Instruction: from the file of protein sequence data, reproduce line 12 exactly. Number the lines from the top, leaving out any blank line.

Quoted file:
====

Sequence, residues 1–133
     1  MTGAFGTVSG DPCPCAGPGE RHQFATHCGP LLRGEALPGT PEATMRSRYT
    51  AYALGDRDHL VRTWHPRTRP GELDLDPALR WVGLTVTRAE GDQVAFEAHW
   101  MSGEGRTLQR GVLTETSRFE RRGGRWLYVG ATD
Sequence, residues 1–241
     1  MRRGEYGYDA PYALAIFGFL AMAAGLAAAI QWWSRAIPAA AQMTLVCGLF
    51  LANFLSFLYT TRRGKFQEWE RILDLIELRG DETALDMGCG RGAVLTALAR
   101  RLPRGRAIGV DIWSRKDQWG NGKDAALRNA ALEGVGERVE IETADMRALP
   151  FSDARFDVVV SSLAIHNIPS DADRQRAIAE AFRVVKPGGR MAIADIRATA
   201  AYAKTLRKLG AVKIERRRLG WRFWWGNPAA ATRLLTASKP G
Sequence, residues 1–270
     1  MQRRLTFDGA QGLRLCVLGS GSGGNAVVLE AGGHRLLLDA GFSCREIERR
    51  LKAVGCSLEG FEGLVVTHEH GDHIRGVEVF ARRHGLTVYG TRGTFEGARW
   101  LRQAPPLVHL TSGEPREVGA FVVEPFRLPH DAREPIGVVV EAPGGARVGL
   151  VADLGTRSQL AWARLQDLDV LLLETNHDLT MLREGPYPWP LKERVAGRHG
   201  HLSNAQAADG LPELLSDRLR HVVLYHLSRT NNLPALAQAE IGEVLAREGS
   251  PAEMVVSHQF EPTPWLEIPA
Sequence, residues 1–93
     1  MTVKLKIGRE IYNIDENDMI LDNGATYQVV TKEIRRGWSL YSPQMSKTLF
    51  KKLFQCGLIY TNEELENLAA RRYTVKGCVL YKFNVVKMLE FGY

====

     1  MQRRLTFDGA QGLRLCVLGS GSGGNAVVLE AGGHRLLLDA GFSCREIERR